• The condition of the water supply line to the dishwasher including a functional shut-off valve
  • That the dishwasher is securely installed in the cabinet
  • Proper operation of the door without binding or scraping to the countertop or the cabinet as well as that the seal is in good condition
  • The internal condition of the dishwasher including checking for rust, drain build-up or other damage inside the dishwasher
  • Operation of the dishwasher, including checking that the appliance fills up, operates a washing cycle and drains properly

Related to the dishwasher, a home inspector will also check sinks and food waste disposals. A home inspector will operate the disposal to check for obstructions, run the water to test for leaks, check electrical connections as well as the plumbing fittings.

Once your stove, oven and dishwasher are inspected and up-to-speed, you can take on the holidays full-force with a new peace of mind. (Sorry, we can’t do anything to help the relationship with the in-laws.)

Call KC Inspections Inc. today at 352-538-5796 or visit to schedule your home inspection.

Happy Thanksgiving!

Don’t get Spooked by Hidden Damage

KC Inspections - Thermal Imaging

The scariest home damage – and, of course, the easiest to ignore – is the damage you can’t see.

But hidden damage can lead to huge problems if left untreated. Moisture in ceilings and walls, leaky plumbing, rot behind EIFS (Exterior Insulation and Finish Systems) and stucco, wood-destroying insects, electrical issues, roof leaks, structural defects and energy inefficiencies are just some of the issues that may be lurking behind the scenes.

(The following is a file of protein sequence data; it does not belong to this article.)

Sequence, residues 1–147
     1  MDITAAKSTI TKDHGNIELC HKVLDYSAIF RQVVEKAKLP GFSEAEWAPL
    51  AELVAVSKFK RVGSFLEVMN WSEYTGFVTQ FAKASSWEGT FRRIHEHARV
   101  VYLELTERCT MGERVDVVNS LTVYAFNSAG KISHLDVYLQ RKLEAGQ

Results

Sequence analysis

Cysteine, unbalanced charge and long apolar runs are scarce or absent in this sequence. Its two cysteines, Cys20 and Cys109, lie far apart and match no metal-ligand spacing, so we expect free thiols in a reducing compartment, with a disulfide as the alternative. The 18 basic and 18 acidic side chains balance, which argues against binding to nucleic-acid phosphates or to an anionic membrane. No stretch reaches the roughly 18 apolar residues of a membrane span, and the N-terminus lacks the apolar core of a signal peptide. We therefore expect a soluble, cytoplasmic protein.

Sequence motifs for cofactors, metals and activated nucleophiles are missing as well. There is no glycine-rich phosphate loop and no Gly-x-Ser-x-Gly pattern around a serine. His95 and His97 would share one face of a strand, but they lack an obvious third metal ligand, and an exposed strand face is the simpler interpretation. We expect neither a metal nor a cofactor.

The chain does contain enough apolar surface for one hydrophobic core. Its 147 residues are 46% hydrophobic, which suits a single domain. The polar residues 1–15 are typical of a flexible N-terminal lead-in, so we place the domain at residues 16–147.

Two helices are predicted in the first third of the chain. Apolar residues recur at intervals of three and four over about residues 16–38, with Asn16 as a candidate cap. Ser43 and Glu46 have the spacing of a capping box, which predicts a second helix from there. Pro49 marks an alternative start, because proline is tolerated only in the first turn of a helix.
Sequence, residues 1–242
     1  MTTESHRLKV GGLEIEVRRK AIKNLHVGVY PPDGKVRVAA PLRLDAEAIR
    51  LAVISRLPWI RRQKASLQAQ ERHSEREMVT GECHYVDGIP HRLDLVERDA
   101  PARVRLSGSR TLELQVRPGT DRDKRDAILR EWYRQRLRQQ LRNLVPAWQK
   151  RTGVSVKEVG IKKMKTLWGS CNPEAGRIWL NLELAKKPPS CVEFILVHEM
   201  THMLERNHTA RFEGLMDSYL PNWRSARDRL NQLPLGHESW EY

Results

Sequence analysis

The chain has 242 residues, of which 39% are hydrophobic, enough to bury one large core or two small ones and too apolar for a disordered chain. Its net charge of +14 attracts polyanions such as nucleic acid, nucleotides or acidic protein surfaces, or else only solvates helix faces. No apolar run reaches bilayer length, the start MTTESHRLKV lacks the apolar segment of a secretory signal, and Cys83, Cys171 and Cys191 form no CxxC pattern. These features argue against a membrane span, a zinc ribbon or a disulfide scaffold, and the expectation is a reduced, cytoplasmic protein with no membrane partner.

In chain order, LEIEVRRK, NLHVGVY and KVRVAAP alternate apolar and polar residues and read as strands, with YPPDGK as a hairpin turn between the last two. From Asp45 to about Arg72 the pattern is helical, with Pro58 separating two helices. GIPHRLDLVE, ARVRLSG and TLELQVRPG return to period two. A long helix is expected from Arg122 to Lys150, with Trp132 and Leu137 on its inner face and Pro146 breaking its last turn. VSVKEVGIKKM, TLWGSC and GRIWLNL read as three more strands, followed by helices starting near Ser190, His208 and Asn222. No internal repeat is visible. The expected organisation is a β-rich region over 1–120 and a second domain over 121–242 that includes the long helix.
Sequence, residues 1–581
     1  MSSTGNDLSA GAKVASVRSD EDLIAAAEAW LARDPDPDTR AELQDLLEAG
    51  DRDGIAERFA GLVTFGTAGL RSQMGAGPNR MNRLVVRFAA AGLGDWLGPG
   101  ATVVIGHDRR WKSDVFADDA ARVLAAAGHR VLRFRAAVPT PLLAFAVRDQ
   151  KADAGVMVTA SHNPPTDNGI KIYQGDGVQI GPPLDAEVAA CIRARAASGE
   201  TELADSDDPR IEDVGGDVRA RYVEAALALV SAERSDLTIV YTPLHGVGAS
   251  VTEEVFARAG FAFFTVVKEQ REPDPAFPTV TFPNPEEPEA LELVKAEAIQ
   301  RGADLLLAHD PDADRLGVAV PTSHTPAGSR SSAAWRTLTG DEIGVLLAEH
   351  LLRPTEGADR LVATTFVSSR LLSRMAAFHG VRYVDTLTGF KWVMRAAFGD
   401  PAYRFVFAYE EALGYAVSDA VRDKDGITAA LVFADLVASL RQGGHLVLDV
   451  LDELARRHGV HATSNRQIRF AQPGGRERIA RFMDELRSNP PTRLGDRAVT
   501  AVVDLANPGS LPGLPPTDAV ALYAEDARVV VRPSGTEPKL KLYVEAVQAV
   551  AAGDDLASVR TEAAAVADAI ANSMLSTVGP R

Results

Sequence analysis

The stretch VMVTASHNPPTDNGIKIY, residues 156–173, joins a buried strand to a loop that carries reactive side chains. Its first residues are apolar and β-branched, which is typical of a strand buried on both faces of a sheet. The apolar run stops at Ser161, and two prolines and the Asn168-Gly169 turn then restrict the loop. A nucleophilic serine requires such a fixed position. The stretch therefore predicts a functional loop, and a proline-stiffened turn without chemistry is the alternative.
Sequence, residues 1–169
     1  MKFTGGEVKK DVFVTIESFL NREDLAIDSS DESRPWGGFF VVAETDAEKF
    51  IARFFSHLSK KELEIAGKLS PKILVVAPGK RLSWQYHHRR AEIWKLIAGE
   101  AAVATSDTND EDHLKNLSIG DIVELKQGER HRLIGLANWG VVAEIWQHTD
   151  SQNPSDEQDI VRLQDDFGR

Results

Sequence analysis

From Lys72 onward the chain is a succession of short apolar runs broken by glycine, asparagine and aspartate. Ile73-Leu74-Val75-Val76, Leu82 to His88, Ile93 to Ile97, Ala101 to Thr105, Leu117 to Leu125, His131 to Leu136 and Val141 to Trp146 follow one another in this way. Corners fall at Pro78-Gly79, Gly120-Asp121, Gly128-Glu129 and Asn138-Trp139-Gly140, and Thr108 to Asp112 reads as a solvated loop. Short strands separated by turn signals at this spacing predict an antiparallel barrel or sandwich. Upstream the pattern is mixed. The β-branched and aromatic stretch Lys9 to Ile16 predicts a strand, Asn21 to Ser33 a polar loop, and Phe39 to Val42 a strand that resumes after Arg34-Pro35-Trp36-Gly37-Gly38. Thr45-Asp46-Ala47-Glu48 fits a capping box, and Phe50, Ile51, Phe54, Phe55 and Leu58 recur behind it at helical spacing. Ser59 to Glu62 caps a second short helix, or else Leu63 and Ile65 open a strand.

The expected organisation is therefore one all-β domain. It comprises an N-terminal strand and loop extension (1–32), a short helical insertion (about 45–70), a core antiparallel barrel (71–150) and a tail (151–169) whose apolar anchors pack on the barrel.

The good news, there’s a way to help identify potential problem areas and address them before the damage worsens using thermal imaging.

Thermal imaging is a method of using infrared radiation and thermal energy to gather information about objects in order to formulate images of them. Even in low visibility environments, thermal imaging works in the absence of any light. Which is why KC Inspections uses thermal imaging to effectively discover potential problems in your home.

Here are just some of the issues for which KC Inspections uses thermal imaging:

Moisture Detection in Walls and Ceilings

Thermal imaging can help identify thermal anomalies which could indicate water damage in walls, floors and ceilings. The technology does so by detecting the difference in temperature between a wet area and the surrounding dry areas – discovering moisture issues that would not be visible during a basic home inspection.

Leaky Plumbing

Water leaks from plumbing systems often go unnoticed until major damage has occurred. KC Inspections uses thermal imaging to scan in, under, and around plumbing figures to determine whether there are any active leaks. Since thermal imaging is not a moisture meter – the technology instead discovers temperature anomalies which then leads to further investigation of the source and cause of the leak.

Rot behind EIFS and Stucco

Thermal imaging enables our inspectors to perform EIFS (Exterior Insulation and Finish Systems) and stucco moisture intrusion inspections. Again, thermal imaging is able to discover anomalies along the stucco or EIFS wall which could indicate extensive moisture damage. Using the technology, our inspectors are able to better locate trouble areas and determine the extent of the area that requires repair.

Wood-Destroying Insects